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afraid because of what muslims do when somebody tries to -- >> nakoula made his film with well-known individuals. the president of media for christ, who also runs a satellite tv station station in l.a., obtained the permit for the film and allowed part of it to be shot in his studio. >> he killed my people. >> reporter: he also has ties to steve cline, the anti-islamic consultant of the film. he also speaks at events. >> my country is conquered by islam right now. >> the irony right now, a film targeting the prophet of one faith is endangering the people of another. >> and now back live with miguel marquez. so how long will it take do you think for authorities to actually figure out if nakoula has violated his probation? >> yeah, there's no timeline on these things, but the next step
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would be a hearing, and those things do have to occur. if he is taken into custody, that would have to occur very quickly. he is not in custody at the moment as far as we know or confined to his house. perhaps they put an ankle bracelet on him. we don't know any of those answers yet. we've certainly requested answers to some of those questions. but it will have to wait and see. it's the weekend, obviously. the courts don't probably move that fast, but there may be a heari ining -- probation hearin his future. or if they would change the terms of his probation. >> miguel marquez with the latest for us from los angeles. thank you. fbi investigators are expected in libya today to investigate the attacks on the u.s. embassy. the u.s. ambassador and three other americans were killed. cnn intelligence correspondent suzanne kelly is following the developments for us from washington. what did the u.s. intelligence agencies know and when did they know it?
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>> it's great to look back now in retrospect and take a look at soom some of the clues that were there. one of the things they knew was that these groups were present in benghazi, they were well-organized, they have an infrastructure to them. they also knew of the presence of al qaeda sympathizers in the area, pockets of sympathizers. they also knew -- and we found this out from an intelligence source, there was an intelligence cable 48 hours before this attack took place that warned about the presence of this anti-muslim film on the internet. not only that, but that they had seen an up tick in the traffic visiting that site, that obviously this is a sign that this is gaining more popularity. cnn also found out that they had further indications that parts of this film were shown on egyptian television. that was according to an fbi memo that cnn was able to get a hold of. so all the clues were sort of there. now piecing them together was a different story. u.s. sources have told us, intelligence sources, that there was no actionable intelligence.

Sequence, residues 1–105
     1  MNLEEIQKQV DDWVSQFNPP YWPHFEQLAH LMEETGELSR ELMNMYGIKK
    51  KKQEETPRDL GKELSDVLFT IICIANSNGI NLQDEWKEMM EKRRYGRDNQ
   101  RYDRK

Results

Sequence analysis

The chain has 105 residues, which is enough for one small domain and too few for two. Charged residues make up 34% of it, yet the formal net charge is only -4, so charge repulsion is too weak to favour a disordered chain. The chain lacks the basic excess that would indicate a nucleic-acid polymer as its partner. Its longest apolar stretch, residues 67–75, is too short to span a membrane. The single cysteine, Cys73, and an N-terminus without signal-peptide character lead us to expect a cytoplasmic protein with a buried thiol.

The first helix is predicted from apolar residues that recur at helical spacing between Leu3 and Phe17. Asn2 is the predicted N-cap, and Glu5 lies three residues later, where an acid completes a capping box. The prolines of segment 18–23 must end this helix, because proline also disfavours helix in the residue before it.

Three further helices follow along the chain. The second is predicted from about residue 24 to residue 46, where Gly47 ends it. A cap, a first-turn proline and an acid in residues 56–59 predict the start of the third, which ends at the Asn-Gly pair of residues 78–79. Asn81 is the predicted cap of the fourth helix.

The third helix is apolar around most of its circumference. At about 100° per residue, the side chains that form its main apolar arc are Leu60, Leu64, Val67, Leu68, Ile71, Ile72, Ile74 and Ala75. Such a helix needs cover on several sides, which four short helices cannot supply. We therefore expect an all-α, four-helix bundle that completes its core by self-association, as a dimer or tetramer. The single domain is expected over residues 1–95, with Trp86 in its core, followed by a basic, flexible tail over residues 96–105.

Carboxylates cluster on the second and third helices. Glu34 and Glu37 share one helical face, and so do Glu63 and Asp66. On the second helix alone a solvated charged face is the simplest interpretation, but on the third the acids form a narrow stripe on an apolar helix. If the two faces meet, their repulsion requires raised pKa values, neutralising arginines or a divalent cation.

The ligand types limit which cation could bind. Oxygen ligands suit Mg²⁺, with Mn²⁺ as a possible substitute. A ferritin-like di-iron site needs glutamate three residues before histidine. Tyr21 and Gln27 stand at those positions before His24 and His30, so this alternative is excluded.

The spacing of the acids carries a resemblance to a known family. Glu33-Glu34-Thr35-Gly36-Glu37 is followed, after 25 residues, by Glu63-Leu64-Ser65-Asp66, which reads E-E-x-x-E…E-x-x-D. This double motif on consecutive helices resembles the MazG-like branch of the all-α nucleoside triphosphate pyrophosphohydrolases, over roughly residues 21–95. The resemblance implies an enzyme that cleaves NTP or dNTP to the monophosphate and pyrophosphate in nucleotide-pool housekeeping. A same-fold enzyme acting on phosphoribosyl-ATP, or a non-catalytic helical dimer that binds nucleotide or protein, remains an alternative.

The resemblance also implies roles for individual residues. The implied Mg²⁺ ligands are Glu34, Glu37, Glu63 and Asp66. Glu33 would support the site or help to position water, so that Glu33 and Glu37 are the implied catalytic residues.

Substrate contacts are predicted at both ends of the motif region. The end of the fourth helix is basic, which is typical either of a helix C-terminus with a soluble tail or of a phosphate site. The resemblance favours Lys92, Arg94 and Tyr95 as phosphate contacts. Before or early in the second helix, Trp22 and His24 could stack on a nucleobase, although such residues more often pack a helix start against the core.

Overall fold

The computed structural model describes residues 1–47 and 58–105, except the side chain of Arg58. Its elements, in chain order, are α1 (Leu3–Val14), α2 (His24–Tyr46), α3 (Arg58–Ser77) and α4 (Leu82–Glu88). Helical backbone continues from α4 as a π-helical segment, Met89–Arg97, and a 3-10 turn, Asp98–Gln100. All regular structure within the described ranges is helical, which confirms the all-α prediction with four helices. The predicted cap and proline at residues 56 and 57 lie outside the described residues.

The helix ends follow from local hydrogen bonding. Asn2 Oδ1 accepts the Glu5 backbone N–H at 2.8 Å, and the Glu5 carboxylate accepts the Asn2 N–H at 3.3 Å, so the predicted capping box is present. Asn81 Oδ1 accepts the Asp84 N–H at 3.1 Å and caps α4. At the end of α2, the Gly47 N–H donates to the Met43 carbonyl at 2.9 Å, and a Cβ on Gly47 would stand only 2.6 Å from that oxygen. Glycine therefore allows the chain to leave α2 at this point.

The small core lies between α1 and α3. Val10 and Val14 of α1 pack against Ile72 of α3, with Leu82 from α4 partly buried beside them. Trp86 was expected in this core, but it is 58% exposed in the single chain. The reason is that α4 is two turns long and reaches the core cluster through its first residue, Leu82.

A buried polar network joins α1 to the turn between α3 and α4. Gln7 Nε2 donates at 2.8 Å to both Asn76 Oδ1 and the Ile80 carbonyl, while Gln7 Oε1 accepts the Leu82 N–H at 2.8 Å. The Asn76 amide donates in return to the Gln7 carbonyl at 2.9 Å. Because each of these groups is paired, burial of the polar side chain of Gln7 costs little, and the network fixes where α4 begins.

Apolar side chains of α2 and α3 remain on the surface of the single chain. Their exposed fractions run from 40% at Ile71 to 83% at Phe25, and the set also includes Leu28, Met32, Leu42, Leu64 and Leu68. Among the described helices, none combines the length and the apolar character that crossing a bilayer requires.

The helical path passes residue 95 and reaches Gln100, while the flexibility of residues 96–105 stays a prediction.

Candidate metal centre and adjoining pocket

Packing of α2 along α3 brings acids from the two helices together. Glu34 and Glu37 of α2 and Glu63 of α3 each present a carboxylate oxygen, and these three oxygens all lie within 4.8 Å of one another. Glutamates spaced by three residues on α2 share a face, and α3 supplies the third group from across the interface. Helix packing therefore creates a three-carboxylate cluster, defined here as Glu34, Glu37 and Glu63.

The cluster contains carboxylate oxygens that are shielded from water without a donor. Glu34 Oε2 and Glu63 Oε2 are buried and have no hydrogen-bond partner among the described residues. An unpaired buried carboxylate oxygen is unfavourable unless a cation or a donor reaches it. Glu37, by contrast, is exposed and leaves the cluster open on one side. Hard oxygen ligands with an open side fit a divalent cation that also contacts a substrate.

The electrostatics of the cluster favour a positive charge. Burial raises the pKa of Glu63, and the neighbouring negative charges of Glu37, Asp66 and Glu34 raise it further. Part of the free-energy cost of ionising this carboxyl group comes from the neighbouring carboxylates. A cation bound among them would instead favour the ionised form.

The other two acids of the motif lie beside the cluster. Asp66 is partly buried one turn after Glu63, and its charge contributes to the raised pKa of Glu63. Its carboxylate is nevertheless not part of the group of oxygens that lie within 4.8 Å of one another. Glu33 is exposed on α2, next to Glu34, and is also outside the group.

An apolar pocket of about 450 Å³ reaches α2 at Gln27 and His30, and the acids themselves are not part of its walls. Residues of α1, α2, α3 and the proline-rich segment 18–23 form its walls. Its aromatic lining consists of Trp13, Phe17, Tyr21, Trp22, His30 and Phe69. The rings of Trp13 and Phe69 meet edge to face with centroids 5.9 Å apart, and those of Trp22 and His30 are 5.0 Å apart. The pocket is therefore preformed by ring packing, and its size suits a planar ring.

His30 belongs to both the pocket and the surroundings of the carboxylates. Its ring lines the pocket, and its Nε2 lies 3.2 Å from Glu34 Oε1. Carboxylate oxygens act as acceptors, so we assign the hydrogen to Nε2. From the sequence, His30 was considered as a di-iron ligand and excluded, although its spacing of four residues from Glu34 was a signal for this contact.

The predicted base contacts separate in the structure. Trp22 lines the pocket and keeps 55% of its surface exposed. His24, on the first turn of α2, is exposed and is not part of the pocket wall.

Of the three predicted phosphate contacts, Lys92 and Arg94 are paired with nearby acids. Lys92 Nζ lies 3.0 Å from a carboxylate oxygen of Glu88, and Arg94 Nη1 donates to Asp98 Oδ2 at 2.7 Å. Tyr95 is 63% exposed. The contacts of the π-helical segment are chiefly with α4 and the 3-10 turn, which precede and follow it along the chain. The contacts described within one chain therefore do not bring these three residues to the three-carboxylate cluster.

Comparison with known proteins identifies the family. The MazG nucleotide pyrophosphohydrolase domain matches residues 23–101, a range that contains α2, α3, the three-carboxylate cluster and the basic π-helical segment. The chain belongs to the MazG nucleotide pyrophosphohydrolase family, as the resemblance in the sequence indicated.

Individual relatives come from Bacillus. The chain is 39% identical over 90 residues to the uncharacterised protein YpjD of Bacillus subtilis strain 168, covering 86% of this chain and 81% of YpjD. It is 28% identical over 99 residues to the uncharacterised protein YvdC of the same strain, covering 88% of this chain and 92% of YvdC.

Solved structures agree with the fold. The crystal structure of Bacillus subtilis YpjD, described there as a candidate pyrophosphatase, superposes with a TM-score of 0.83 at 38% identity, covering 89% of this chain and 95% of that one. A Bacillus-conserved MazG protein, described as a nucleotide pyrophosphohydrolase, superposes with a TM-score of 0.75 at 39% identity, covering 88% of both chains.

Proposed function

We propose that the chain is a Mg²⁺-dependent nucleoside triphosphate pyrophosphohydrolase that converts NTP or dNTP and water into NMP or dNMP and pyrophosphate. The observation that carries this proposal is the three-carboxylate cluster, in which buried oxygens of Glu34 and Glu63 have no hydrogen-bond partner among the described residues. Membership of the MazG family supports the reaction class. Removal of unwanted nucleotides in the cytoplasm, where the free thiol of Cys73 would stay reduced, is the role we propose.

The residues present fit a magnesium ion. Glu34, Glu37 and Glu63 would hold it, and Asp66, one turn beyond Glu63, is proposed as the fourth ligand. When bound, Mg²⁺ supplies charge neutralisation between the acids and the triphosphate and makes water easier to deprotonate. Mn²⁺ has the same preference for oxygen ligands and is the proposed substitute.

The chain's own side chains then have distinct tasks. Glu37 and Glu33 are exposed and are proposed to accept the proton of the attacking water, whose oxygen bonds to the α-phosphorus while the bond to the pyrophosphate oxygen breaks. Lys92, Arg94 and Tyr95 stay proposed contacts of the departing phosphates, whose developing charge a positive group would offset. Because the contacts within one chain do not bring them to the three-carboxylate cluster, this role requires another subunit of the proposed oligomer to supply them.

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as a matter of fact, the administration has been very open about coming out and saying that. so some clues were there, pulling them all together is a tough thing to do. >> something else they're trying to figure out is whether or not this attack was planned. libyan officials have told us that they believe it was. why the confusion out of washington? >> you know, i think really this is one of those things that comes down to the details of the language and nuance. but you're right, people were all over the place in washington this week as to whether it was planned, wasn't planned. libyan officials weighed in. take a look at just a small sample of what we heard. >> we have no information to suggest that it was a pre-planned attack. >> this was a calculated act of terror on the part of a small group of jihadists. >> i think what happened here was it gets down to the language of what was actionable intelligence, meaning what did the intelligence agencies actually know was going on? i mean, they do have intelligence coming out of there. they've got human intelligence,
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signals intelligence, intercepting phone calls, communications. what did they know ahead of time? they're saying they didn't have any indication this was being planned. that's not the same thing as saying that this wasn't planned. it just means they probably didn't know about it. these groups got together and talked about taking advantage of that -- that's a different story. that's what fbi officials are trying to uncover. >> thank you for the update. a solemn homecoming, the remains of four americans killed this week in the attacks on the u.s. consulate in libya were returned to u.s. soil. teams of seven marines carried the caskets of chris stevens, tyrone woods, glen dougherty, and sean smith. the four were honored in a ceremony attended by president barack obama and secretary of state hillary clinton. we've learned much about u.s. ambassador to libya chris stevens. now we're learning more about the three other americans who died in the consulate attack there in benghazi. ambassador stephens, tyrone